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Gorgonian (sea fan) corals on the twilight reefs of Pohnpei Island. (credit: Sonia J. Rowley)

Sonia J. Rowley, post-doctoral research fellow at the University of Hawaiʻi at Mānoa School of Ocean and Earth Science and Technology, received the prestigious Sir David Attenborough Award for Fieldwork from the Systematics Association and the Linnean Society of London. Rowley’s work was selected based on her project entitled “Exploration and Systematics of Twilight Reef Gorgonian Corals at Pakin Atoll.” She is only the third person to receive this award, which was given to her for her work during the 2015 Pohnpei Expedition.

Tropical coral reefs throughout the Indo-Pacific are critical to marine biodiversity. About 80% of reefs exist between depths of 100-500 feet and are among the most diverse, yet most unexplored, realms on the planet. These ‘twilight zone’ reefs, known as Mesophotic coral ecosystems or MCEs, are typically dominated by gorgonian (sea fan) corals.

New technology enables new discoveries

Sonia J. Rowley

The mysteries of these twilight reefs are only recently being revealed through technological advances in closed circuit rebreather diving. Previously overlooked—being too precarious for conventional SCUBA and too shallow to justify the cost of frequent submersible dives—twilight reefs continuously disclose breathtaking levels of biodiversity with each dive, yielding species and behavioral interactions new to science. Further, MCEs are classified as conservation priority ecosystems and posited to act as refugia against environmental disturbances.

The primary aim of the Pohnpei field project was to explore and describe gorgonian corals on the unexplored deep-reefs of Pakin Atoll using technological advances in electronically controlled rebreathers, data digitization and dissemination.

A lifetime of training

“I was raised on commercial diving vessels in the UK and I am now a test pilot for Poseidon/CisLunar rebreather technology,” said Rowley. “It’s amazing to combine this advanced technology with marine science and biology. Ultimately, I want to know what things are, what they do, and how this came about relative to the environment over geological time. This involves continuously pursuing a suite of technological techniques to address various research questions, which essentially provide information to how deep gorgonian corals have been so biologically successful over time. In addition, this type of research has and continues to benefit local communities.”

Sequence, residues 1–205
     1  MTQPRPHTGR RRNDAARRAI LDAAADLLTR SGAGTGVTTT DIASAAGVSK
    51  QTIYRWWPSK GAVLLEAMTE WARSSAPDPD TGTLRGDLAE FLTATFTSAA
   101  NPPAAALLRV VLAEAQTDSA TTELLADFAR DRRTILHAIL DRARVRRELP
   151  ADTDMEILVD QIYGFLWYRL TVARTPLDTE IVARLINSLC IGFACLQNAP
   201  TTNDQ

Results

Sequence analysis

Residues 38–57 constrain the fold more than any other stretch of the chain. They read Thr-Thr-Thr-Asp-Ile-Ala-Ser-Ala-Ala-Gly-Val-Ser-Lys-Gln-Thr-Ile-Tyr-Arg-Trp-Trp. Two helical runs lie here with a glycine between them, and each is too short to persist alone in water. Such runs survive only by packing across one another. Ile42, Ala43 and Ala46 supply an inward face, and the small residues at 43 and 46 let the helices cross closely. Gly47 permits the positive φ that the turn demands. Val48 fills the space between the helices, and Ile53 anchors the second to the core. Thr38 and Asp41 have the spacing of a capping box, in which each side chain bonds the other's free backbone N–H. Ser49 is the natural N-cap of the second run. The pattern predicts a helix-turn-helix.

Bringing the ‘twilight zone’ to light

Rebreather dive team, from left, Richard Pyle, Sonia Rowley and Brian Greene. (credit: K. Kaing.)

In collaboration with the Waikīkī Aquarium, Rowley and others are developing ways to re-create conditions that closely match the twilight reef environment. Through continuous measurements of key parameters, they are working to create a natural exhibit of gorgonian coral and increase understanding of adaptations that have evolved over time. Rowley recently shared her findings from the twilight zone in a public presentation through the Waikīkī Aquarium Distinguished Lecture Series.

Rowley has been at UH Mānoa since 2010, first as a visiting scholar and then as a post-doctoral fellow with Steve Stanley. She received her doctoral degree from Victoria University of Wellington, New Zealand and bachelor of science at the University of Plymouth, United Kingdom.

For more information on Rowley’s annual expedition to Pohnpei and its atolls including research experimentation, collaboration and community involvement visit the Association for Marine Exploration Expedition blogs page.

—By Marcie Grabowski

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